6. Big data for public health – Nuria Oliver, Vodafone’s Group Director of Research in Data Science: The analysis of ‘big data’ (large-scale, anonymised data sets) is profoundly changing the world. Vodafone’s data scientists are working on projects analysing how big data can be used to provide decision support to tackle problems of societal importance. The team recently worked with King’s College London to predict the wellbeing of individuals in the UK based upon where they live and work. They used data from the Office for National Statistics, which surveys wellbeing through four measures: life satisfaction, sense of worth, happiness, and anxiety level. They also used Foursquare data and large, anonymised mobile usage data sets. Through machine learning-based predictive models, they found that people with the highest wellbeing are likely to live near pubs and those with the lowest wellbeing near offices and fried chicken restaurants.
7. Zero latency gaming – Santiago Tenorio, Vodafone Group Head of Network Strategy & Architecture: Massively multiplayer online games are a rapidly growing industry, increasingly involving both professional players and serious amateurs wanting premium performance from their gaming rigs. The amount of latency experienced by gamers is a major source of irritation as they spend more time playing, and often also needing to communicate in real time with other players, over the internet. To evolve our networks to enable gamers to get lower levels of latency, the team on this project are planning to use Multi-access Edge Computing to host applications virtually and therefore closer to customers, and are currently exploring pilots to host servers for gaming companies on our networks. This could provide a premium gaming experience for Vodafone customers.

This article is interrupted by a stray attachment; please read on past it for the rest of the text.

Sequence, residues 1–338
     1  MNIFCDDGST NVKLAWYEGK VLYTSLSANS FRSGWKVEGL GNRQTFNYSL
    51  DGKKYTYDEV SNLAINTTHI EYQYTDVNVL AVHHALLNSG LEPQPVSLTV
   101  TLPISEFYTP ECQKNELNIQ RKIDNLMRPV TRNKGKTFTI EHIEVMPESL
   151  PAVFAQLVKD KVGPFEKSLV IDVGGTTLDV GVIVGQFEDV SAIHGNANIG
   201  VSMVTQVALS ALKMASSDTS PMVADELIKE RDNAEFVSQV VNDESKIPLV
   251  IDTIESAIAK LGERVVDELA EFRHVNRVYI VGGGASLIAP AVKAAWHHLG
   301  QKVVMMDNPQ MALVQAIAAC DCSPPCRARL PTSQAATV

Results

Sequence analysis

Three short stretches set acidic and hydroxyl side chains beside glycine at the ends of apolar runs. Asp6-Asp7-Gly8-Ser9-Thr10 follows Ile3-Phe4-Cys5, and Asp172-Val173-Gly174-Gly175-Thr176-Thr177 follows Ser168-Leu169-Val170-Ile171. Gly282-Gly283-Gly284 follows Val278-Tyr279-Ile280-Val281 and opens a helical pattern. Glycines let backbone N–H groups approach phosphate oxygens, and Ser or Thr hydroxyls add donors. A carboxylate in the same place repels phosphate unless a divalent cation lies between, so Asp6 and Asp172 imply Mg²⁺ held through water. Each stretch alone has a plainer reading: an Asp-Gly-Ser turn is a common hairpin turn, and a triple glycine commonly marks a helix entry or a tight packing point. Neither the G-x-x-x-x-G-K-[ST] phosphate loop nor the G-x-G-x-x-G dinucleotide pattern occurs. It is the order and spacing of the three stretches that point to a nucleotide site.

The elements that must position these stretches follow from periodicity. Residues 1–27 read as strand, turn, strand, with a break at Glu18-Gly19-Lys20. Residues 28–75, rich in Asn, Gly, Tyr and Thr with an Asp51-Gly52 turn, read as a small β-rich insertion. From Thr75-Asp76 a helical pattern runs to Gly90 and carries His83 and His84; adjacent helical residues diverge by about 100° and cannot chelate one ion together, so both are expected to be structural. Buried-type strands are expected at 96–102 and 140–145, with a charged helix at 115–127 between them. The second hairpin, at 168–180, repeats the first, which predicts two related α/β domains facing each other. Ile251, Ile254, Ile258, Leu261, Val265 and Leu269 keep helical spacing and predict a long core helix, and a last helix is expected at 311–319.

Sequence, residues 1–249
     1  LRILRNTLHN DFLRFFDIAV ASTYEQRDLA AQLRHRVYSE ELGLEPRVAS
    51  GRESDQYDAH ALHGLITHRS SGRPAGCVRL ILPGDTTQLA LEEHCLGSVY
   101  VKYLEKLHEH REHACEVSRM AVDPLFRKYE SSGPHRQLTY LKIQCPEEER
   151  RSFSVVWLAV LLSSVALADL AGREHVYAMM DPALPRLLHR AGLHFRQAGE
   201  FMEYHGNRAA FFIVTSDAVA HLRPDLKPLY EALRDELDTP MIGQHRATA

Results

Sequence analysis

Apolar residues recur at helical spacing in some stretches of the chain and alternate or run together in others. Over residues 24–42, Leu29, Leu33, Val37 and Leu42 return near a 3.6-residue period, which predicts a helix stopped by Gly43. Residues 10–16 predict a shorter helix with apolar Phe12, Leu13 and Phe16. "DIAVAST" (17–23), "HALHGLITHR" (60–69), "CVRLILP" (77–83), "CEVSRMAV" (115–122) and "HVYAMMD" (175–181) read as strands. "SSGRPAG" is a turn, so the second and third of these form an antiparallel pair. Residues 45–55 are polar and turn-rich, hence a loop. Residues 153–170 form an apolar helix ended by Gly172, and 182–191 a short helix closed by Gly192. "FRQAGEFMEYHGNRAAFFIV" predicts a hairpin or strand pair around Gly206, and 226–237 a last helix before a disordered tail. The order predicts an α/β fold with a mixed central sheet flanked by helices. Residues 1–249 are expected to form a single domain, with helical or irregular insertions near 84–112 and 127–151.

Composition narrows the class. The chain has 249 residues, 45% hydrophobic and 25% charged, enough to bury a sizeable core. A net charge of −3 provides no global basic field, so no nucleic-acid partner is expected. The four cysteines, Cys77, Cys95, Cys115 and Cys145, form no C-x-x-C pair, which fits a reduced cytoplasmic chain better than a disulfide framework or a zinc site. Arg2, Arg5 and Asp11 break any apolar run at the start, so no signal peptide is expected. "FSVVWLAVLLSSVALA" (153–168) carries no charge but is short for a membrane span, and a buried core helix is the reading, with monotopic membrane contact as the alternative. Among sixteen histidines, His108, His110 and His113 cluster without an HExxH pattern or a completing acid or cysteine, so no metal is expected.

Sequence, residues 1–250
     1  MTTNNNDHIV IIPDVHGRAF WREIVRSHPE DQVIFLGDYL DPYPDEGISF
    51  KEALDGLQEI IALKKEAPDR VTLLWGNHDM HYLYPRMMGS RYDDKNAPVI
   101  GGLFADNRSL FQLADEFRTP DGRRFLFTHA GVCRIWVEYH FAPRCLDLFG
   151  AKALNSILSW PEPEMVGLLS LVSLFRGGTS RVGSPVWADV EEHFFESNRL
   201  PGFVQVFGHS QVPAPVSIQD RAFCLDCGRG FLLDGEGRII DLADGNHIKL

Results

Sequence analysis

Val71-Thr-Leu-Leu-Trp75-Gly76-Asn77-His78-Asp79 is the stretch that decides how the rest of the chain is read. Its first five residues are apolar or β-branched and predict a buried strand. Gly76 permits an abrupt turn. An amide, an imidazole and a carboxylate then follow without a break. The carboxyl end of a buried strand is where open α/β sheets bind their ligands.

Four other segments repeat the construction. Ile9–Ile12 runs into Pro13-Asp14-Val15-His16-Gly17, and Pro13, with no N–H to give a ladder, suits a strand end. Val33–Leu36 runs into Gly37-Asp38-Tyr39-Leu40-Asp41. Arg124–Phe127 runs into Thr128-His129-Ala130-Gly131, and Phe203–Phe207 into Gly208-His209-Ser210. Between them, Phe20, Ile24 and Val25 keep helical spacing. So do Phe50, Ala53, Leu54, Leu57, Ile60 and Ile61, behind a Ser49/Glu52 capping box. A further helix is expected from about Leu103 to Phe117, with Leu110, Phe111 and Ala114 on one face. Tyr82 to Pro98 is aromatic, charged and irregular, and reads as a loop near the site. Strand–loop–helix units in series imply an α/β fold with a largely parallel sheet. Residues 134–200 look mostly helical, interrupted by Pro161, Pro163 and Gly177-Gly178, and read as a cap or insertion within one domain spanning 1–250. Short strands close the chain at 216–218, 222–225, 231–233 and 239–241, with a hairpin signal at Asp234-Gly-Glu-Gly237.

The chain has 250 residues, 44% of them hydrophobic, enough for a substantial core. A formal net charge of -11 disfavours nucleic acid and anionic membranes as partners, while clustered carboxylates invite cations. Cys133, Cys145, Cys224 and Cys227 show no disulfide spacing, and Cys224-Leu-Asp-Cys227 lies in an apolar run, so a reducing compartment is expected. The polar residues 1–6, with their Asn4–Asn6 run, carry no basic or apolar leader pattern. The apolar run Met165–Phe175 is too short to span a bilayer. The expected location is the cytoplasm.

8. Eva Facial Mouse – Santiago Moreno, Head of Vodafone Spain Foundation: EVA Facial Mouse is a free app which allows the user to control an Android device by tracking the movements of their head (you can download it here). It provides an alternative method for accessing a mobile device for those who cannot use a touchscreen. It has already had over 1.7 million downloads and rated 4.4 out of 5 on the Google Play store with more than 11,000 evaluations.
9. Body sensors – Kyriakos Exadaktylos, Vodafone Group Head of Network Standards: Working with the SUB2 project (which aims to help an athlete run a marathon in under two hours), the team on this project developed a smartwatch app that can be a better pacemaker for elite runners, using GPS location data that is up to 10 times more accurate. The SUB2 project aims to leave a lasting legacy for athletics by showing how technology can help improve performance. This work will also enable Vodafone to better support wearable manufacturers and connected health projects in future.
10. Malta biobank – Jason Pavia, Head of the Vodafone Malta Foundation: The Vodafone Foundation in Malta is working with The Centre for Molecular Medicine and Biobanking at the University of Malta to develop an online interactive IT platform and mobile app which will facilitate cutting edge research that explores genetic causes and potential treatments for diseases such as diabetes, asthma, thalassemia, and ALS. Up to 20,000 people in Malta alone could benefit from the work undertaken by the biobank, while the model, if successful, could inform genetic research across the globe.
Terms and Conditions. 1: A compatible handset is required. Downloading DreamLab will consume data. Once downloaded, DreamLab can be used when your device (i) is connected to a charging source and (ii) has mobile network or WiFi connectivity. Mobile data to use DreamLab is free for Vodafone Australia customers on the Vodafone Australia network. Roaming incurs international rates. More Terms and Conditions, here.